Last year I “graduated” from the urban farming program at the Permaculture Research Institute for Cold Climate. I don’t believe I achieved “expertise,” but I did gain some useful knowledge, I devoted much more time to my garden, and I have become part of a community of food growers. It was a good experience that left me eager to see what I could do the next growing season.
The Plan for 2013
In January, I began creating a new garden plan using the website GrowVeg. We had expanded the garden so there wasn’t much additional sunny space. I added 2 raised beds by the garage (one on top of the driveway), a couple of wine-barrel container gardens, and then shifted my eyes upward, toward trellising. I acknowledged some areas of defeat: too dry next to the house, too shady in the herb bed, and too distant in the front flower bed.
Instead of adding a lot more food, this year we will be adding boxes and trellises, fences and arbors. We’ll work on increasing our rainwater storage capacity and we’ll improve the pathways through the yard. I began collecting images of fences and arbors on Pinterest.
I finally found a garden planning book that I liked at the blog Northwest Edible Life. It had all the sections I thought I would use and it’s downloadable, so I can print out just the pages I want.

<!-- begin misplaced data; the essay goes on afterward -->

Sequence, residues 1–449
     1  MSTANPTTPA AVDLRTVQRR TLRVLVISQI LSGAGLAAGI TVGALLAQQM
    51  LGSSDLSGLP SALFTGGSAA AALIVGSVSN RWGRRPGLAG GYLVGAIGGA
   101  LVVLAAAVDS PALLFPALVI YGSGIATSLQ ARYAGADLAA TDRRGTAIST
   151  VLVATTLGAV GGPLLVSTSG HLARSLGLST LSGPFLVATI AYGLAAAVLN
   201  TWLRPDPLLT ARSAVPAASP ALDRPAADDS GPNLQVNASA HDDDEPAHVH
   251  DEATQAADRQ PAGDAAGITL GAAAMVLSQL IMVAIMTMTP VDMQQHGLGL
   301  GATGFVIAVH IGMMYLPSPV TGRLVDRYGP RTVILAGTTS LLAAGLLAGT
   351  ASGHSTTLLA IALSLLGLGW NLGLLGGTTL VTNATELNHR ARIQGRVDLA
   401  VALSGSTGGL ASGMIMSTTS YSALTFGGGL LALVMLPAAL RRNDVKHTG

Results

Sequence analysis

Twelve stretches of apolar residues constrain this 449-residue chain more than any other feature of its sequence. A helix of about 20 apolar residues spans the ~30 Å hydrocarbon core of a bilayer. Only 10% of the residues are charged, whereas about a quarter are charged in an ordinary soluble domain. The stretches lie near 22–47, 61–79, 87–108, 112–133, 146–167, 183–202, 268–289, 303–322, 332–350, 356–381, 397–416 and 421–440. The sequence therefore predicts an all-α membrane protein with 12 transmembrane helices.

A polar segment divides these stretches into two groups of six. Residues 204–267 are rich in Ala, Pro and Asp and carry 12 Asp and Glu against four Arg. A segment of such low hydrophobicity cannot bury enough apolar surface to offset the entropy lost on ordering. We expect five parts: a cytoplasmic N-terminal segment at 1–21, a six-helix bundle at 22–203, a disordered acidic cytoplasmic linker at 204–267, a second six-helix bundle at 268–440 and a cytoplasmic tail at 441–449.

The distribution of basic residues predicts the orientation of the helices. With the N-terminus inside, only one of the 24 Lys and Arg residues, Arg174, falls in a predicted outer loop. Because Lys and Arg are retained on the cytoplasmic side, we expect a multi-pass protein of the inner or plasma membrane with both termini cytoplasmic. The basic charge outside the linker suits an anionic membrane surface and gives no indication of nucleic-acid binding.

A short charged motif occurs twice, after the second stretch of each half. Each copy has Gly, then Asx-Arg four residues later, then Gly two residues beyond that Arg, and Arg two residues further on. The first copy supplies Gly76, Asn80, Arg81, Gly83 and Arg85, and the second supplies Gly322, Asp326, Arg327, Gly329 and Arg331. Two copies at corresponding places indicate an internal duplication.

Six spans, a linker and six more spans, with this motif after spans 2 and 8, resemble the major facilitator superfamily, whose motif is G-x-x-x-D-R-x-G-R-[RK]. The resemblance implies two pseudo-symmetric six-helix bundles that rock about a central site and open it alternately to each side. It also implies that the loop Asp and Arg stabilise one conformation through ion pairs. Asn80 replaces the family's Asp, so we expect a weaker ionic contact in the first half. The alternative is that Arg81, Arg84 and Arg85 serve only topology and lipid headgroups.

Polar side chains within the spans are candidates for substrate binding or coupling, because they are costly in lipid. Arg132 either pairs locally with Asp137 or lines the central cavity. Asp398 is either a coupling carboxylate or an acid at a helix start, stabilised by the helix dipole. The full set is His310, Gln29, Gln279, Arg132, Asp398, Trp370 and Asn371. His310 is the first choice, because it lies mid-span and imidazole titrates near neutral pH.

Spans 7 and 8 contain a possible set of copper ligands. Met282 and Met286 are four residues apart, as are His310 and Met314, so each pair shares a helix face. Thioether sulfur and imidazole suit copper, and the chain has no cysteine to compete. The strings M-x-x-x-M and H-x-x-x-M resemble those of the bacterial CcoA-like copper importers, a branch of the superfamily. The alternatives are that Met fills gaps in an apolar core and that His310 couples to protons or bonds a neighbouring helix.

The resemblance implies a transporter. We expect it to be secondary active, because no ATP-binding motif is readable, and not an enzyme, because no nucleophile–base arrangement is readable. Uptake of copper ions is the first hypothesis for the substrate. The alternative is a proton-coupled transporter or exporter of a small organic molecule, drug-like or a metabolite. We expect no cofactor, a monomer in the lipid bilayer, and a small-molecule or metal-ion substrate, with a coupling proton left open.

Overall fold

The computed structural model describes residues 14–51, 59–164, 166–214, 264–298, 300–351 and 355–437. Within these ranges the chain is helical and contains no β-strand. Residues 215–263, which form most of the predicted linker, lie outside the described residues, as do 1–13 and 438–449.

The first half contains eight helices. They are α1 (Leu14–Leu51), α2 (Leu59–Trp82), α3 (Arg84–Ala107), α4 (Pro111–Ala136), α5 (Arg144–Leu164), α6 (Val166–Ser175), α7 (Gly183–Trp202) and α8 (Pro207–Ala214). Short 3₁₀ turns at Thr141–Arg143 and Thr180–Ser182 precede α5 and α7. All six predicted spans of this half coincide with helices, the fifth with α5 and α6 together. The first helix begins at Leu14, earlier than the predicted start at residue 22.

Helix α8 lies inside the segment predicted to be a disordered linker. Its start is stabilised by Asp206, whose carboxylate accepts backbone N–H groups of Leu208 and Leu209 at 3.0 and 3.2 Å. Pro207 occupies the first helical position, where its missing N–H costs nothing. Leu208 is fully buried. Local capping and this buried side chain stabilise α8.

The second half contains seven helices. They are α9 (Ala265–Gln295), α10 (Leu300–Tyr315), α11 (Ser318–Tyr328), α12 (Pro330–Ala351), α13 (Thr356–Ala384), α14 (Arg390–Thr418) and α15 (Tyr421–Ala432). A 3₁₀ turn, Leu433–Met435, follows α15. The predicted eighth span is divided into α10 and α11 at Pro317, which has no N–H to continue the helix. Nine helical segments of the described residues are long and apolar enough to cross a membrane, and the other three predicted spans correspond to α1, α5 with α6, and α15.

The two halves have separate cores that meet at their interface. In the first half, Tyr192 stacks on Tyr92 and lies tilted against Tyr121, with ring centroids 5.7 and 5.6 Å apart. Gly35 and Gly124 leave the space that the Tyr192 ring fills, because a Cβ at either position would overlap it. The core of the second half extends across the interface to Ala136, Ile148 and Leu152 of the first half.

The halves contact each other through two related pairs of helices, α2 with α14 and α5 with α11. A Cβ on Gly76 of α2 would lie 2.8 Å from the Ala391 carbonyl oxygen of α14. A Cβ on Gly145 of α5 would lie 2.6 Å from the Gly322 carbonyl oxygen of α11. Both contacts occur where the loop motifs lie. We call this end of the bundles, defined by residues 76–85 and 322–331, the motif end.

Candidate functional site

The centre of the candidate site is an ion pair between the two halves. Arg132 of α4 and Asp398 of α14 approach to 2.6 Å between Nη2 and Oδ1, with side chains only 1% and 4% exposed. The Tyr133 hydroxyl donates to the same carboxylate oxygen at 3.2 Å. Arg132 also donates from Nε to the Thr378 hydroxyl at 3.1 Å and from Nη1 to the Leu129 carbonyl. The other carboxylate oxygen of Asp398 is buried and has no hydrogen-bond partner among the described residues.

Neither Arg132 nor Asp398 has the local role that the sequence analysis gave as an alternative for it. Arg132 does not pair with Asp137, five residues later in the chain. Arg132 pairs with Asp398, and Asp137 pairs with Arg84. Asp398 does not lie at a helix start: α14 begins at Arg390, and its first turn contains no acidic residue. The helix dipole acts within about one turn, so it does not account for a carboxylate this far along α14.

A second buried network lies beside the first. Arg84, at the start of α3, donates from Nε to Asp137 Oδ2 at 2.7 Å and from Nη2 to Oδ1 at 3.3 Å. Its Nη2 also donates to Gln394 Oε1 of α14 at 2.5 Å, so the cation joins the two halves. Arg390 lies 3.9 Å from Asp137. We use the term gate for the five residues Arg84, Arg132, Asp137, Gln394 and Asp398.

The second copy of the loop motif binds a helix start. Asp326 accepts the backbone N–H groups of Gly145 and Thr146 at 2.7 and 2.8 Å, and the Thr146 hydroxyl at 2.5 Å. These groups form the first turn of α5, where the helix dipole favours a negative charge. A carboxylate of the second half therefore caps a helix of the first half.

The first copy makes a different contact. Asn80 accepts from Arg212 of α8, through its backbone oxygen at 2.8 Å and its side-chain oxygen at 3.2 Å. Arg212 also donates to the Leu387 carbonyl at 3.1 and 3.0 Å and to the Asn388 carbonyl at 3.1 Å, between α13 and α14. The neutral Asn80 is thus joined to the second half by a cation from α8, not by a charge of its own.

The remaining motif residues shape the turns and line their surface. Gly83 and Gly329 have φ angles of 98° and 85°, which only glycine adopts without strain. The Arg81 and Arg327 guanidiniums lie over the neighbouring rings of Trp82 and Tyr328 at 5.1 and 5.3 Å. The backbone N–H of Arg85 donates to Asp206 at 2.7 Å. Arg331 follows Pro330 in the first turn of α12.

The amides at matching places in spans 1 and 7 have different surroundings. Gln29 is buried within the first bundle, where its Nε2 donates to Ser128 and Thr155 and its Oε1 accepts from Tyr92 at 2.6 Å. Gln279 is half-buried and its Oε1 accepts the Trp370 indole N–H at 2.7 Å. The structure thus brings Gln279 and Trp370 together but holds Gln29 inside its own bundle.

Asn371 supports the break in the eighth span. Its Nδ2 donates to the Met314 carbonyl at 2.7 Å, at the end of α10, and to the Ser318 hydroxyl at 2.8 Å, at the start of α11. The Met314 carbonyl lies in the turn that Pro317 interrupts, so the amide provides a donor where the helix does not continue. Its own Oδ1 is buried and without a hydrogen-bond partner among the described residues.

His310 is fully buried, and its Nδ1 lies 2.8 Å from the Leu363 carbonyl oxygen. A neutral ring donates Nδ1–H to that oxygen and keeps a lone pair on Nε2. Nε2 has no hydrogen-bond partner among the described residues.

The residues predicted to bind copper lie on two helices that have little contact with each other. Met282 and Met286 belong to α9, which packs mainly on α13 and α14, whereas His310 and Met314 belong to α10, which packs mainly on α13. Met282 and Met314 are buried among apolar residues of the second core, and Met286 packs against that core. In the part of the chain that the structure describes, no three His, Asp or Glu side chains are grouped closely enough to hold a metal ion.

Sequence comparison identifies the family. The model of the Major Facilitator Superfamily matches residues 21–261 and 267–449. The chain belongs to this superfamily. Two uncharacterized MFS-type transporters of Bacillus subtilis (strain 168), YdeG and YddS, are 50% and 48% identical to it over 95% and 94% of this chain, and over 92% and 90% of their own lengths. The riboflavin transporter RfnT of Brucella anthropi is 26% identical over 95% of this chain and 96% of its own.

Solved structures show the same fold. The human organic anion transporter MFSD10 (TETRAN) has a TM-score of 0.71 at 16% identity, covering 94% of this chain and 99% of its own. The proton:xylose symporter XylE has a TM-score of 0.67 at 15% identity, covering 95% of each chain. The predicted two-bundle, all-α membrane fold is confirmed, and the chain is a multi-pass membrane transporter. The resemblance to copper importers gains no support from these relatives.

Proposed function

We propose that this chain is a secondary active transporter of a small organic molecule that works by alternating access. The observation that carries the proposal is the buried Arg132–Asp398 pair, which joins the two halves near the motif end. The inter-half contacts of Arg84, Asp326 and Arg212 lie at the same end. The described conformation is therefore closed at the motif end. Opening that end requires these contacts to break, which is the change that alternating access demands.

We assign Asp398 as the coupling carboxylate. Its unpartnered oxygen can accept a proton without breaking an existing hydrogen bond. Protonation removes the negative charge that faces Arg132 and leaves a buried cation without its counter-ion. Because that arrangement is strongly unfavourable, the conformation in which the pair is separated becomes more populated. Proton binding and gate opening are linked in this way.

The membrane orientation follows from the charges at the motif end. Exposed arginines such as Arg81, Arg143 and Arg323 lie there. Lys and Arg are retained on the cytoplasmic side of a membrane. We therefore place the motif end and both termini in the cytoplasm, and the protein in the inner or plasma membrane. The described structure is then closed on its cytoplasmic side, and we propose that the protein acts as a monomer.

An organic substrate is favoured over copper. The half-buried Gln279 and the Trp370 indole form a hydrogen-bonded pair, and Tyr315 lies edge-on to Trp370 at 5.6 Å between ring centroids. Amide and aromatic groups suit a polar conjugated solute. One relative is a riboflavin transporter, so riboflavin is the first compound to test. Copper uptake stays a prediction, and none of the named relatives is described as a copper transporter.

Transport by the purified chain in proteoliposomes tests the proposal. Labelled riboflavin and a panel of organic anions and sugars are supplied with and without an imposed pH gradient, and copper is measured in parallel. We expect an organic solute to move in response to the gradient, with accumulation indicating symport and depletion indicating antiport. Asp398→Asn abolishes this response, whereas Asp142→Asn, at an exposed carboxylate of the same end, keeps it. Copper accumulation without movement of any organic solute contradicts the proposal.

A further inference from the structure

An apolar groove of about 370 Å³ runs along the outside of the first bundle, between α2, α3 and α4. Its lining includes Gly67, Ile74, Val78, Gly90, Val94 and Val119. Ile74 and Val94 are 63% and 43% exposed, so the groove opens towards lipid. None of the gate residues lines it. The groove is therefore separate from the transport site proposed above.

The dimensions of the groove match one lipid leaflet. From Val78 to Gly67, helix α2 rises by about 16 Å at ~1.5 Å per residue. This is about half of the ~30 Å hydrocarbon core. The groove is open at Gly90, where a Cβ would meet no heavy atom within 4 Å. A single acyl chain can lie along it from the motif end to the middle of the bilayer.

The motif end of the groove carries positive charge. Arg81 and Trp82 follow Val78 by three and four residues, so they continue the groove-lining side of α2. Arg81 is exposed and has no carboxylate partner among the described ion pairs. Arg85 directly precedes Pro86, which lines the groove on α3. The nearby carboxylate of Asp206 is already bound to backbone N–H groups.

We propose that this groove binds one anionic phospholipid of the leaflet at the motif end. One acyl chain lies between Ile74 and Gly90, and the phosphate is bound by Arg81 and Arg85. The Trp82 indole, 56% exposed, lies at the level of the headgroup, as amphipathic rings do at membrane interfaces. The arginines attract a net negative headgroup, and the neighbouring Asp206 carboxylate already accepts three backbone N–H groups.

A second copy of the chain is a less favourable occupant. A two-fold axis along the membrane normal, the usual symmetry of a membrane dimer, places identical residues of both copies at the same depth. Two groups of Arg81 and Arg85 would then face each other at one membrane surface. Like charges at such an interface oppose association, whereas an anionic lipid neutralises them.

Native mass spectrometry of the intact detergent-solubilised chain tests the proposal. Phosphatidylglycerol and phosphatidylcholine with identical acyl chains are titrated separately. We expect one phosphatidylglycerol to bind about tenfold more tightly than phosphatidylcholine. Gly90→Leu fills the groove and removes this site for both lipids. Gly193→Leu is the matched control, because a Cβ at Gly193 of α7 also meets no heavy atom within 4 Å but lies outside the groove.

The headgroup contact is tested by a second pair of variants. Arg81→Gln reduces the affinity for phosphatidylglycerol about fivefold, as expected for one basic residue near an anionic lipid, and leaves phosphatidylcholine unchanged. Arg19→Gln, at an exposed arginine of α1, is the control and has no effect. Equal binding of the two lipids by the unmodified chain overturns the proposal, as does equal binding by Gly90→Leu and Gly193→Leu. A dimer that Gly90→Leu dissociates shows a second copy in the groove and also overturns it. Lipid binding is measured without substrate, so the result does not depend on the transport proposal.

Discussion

Seeds and Seedlings
In February, I pulled out my new gardening bible, “The Week-by-Week Vegetable Gardener’s Handbook: Make the Most of Your Growing Season.” I was determined to do something I had never done before — get my plants started at the right time. Last year we bought a flourescent light and tried to grow seedlings. It was a dismal failure. We had only a few weak broccoli to put in the ground in the spring of 2012.
This year we got 2 more light fixtures and hooked them together. We hung the lights at the right height this time and when we saw that the plants on the outer edge were reaching for light, we added one more light. We bought 3 heat pads to warm the feet of the summer-loving tomatoes and peppers and left two trays without heat for our cold-weather crops. And Peter set up a fan to help them develop strength.
I had bought some organic seeds at Linders at the end of the season – 75% off. I had some seeds left from last year and friends gave me seeds. I also rejoined the Southside Food Hub and got seeds there (as well as berries). For some specific items, I bought seed from Johnny’s and from Seed Savers.
Although I had been negligent about record-keeping last summer, I did remember one lesson. When it comes to tomatoes, I want quantity more than variety. I want to make lots and lots of sauce! This year I limited myself to Big Boy, Beefsteak, Brandywine and San Marzano. I also decided some crops just aren’t worth the bother. I can’t grow broccoli or cauliflower worth a darn. I’ll buy those.
In addition to (far too many) tomatoes, I planted hot and sweet peppers, pumpkin, squash, brussel sprouts, kale, collards, cabbage, onions, peas, purple runner beans, ground cherries, sunflowers and melon. I followed the book to determine when to plant so I wouldn’t have things indoors for too long.
In addition, Transition Longfellow hosted a winter seed sowing workshop. Peter gathered old milk cartons at work and friends Theresa and Tina walked people through a hands-on demonstration. Peter went overboard and came home with 18 cartons. When it was finally time to plant outside, we opened the cartons to find very hardy-looking lettuces and kale, and some lovely poppy plants. (About half of the cartons worked – the other half froze.)